On November 20, the Office of Fair Trading (OFT) published an interim report on its compliance review of payday lending. The OFT had previously indicated that it would publish the results of the review prior to the end of 2012, however final results will now be available early in 2013.

The interim results are based on:

  • Inspection visits to 50 lenders
  • Reviews of 50 lender websites
  • Reviews of customer complaints
  • A mystery shop of 156 lenders
  • Survey responses from businesses, consumer groups and trade associations

The OFT says in the report that it intends to issue warnings to the majority of the 50 firms inspected. These 50 firms account for the majority of payday loans in the UK. The firms warned will be asked to provide independent audits demonstrating that they have improved their practices, and if they cannot do this to the OFT’s satisfaction, then enforcement action can be expected, with the withdrawal of a Consumer Credit Licence being the ultimate sanction available to the OFT. Formal investigations have already commenced with some lenders regarding aggressive debt collection practices.

In addition to debt collection, the OFT believes the following are areas of concern:

  • the adequacy of affordability checks
  • the proportion of loans that are repaid late
  • the number of loans that are rolled over or re-financed
  • the treatment of borrowers in financial difficulty

The OFT has written to all 240 payday lenders in the UK to highlight its concerns. Payday lender MCO Capital was stripped of its Consumer Credit Licence by the OFT in August 2012.

David Fisher, OFT Director of Consumer Credit, said: “We have uncovered evidence that some payday lenders are acting in ways that are so serious that we have already opened formal investigations against them. It is also clear that, across the sector, lenders need to improve their business practices or risk enforcement action.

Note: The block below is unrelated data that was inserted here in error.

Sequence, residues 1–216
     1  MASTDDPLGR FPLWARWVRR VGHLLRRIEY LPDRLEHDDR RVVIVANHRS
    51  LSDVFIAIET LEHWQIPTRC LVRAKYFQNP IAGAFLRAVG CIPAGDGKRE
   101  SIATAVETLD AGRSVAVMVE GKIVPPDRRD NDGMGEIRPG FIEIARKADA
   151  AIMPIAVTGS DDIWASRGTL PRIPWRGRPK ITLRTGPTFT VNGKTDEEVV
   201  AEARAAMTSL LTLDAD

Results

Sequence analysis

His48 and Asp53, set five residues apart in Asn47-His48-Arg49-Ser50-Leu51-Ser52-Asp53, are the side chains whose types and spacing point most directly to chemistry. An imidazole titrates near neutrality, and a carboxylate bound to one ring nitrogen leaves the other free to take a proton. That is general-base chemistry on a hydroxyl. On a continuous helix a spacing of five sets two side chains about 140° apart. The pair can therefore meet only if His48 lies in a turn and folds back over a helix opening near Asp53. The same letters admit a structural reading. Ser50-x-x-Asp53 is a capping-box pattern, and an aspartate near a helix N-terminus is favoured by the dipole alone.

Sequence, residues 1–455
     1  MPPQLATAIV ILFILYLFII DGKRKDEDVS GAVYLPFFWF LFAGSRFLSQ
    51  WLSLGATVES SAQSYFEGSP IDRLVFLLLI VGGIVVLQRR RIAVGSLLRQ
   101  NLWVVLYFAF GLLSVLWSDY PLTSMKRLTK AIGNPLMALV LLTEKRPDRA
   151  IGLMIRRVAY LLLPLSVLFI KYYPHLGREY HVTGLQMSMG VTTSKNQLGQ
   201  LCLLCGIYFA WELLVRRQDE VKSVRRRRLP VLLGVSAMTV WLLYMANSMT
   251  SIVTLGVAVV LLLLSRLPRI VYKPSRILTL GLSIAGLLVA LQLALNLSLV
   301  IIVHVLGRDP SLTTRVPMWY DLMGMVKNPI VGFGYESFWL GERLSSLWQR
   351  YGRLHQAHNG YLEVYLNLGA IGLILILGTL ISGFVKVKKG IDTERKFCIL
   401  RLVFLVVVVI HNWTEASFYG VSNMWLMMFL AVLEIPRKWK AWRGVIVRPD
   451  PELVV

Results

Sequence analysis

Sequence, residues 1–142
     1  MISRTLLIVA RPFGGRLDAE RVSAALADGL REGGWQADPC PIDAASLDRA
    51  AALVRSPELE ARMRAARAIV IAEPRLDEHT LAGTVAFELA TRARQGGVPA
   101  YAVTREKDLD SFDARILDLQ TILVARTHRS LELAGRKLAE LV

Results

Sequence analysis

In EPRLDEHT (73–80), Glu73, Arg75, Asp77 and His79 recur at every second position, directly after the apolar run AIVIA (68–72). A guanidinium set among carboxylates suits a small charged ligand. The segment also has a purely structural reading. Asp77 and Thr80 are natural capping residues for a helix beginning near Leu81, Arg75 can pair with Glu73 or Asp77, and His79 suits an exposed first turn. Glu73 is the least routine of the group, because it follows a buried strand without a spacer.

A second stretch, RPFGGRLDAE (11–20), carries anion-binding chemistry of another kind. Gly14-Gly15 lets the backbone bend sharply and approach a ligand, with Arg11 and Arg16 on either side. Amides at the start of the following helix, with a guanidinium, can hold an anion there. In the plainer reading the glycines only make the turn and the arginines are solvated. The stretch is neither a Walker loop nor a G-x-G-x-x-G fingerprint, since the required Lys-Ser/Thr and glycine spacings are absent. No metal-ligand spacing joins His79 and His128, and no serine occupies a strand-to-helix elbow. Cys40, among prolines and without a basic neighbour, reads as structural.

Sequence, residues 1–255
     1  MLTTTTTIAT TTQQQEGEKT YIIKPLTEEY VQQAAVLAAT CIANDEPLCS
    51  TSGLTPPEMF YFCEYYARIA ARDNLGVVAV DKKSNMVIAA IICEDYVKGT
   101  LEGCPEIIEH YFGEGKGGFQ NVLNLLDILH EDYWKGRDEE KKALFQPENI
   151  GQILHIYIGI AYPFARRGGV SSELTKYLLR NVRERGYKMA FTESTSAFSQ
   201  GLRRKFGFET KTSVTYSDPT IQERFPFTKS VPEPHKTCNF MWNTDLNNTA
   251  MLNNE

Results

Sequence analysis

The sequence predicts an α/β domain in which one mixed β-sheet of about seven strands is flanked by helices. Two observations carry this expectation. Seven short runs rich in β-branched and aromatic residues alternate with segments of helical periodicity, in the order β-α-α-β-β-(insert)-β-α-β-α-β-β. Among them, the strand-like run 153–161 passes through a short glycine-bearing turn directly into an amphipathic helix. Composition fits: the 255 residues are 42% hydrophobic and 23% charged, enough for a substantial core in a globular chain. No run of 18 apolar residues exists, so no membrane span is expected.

Joanna Elson, the chief executive of the Money Advice Trust, who has received 17,000 enquiries in 2012 from customers of payday lenders, said: “Payday lending is an industry that requires close scrutiny. We have a lengthy list of concerns about the practices of many companies in the sector.”

In other signs that the OFT is clamping down on payday lending, law firm Pinsent Mason said that the OFT carried out 68 property searches at the premises of payday lenders in the period January to May 2012, having only carried out one such exercise in the whole of 2011. Property searches can take the form of a comprehensive audit of the firm’s practices, including inspecting documents, monitoring sales calls and online applications and assessing lending decisions.

Most payday lenders are now subject to a new Good Practice Customer Charter. Four trade bodies: the Consumer Finance Association (CFA), the Finance and Leasing Association (FLA), the British Cheque and Credit Association (BCCA) and the Consumer Credit Trade Association (CCTA) introduced the Charter on November 26 2012. Together, these four bodies represent over 90 per cent of the short-term lending sector.

CFA chief executive Russell Hamblin-Boone explained why some people feel they need to take out a payday loan: “Payday exists partly because in 2007-8 banks stopped lending to large groups of people and it can be a more cost-effective way of getting a short-term loan than an unauthorised overdraft or breaching a credit card limit.”